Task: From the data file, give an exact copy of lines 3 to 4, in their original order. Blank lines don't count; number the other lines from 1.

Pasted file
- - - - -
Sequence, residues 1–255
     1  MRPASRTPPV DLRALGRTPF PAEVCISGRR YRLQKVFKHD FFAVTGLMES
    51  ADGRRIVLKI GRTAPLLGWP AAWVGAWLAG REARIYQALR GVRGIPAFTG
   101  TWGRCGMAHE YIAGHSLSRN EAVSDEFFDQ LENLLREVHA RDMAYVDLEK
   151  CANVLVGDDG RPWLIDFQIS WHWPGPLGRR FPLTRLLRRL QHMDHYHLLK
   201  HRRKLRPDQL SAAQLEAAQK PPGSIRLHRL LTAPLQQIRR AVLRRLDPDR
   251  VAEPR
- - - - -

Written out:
    51  ADGRRIVLKI GRTAPLLGWP AAWVGAWLAG REARIYQALR GVRGIPAFTG
   101  TWGRCGMAHE YIAGHSLSRN EAVSDEFFDQ LENLLREVHA RDMAYVDLEK